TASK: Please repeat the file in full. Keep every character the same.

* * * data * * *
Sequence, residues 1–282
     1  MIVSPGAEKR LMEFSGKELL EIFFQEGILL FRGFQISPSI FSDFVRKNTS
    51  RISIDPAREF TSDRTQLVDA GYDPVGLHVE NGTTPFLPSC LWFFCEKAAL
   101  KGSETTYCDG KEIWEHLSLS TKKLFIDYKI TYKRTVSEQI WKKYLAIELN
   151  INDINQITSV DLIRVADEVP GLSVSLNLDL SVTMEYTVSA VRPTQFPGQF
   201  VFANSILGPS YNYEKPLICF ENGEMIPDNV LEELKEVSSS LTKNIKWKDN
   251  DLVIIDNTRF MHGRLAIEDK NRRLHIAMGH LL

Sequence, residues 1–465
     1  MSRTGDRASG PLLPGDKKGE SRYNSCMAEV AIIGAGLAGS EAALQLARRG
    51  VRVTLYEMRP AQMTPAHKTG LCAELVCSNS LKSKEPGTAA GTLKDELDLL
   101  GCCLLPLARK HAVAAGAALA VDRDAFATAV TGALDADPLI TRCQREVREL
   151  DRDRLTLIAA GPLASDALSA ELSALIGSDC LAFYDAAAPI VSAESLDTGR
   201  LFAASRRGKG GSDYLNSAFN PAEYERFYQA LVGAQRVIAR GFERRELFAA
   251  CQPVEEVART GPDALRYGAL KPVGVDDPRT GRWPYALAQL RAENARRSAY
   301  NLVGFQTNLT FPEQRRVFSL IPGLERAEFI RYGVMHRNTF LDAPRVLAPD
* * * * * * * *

Sequence, residues 1–282
     1  MIVSPGAEKR LMEFSGKELL EIFFQEGILL FRGFQISPSI FSDFVRKNTS
    51  RISIDPAREF TSDRTQLVDA GYDPVGLHVE NGTTPFLPSC LWFFCEKAAL
   101  KGSETTYCDG KEIWEHLSLS TKKLFIDYKI TYKRTVSEQI WKKYLAIELN
   151  INDINQITSV DLIRVADEVP GLSVSLNLDL SVTMEYTVSA VRPTQFPGQF
   201  VFANSILGPS YNYEKPLICF ENGEMIPDNV LEELKEVSSS LTKNIKWKDN
   251  DLVIIDNTRF MHGRLAIEDK NRRLHIAMGH LL

Sequence, residues 1–465
     1  MSRTGDRASG PLLPGDKKGE SRYNSCMAEV AIIGAGLAGS EAALQLARRG
    51  VRVTLYEMRP AQMTPAHKTG LCAELVCSNS LKSKEPGTAA GTLKDELDLL
   101  GCCLLPLARK HAVAAGAALA VDRDAFATAV TGALDADPLI TRCQREVREL
   151  DRDRLTLIAA GPLASDALSA ELSALIGSDC LAFYDAAAPI VSAESLDTGR
   201  LFAASRRGKG GSDYLNSAFN PAEYERFYQA LVGAQRVIAR GFERRELFAA
   251  CQPVEEVART GPDALRYGAL KPVGVDDPRT GRWPYALAQL RAENARRSAY
   301  NLVGFQTNLT FPEQRRVFSL IPGLERAEFI RYGVMHRNTF LDAPRVLAPD